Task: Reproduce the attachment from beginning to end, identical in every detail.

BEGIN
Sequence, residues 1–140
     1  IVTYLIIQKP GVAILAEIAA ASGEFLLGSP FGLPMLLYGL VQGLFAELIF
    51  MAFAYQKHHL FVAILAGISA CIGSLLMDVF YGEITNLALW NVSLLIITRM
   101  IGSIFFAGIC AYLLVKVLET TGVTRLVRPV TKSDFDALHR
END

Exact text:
Sequence, residues 1–140
     1  IVTYLIIQKP GVAILAEIAA ASGEFLLGSP FGLPMLLYGL VQGLFAELIF
    51  MAFAYQKHHL FVAILAGISA CIGSLLMDVF YGEITNLALW NVSLLIITRM
   101  IGSIFFAGIC AYLLVKVLET TGVTRLVRPV TKSDFDALHR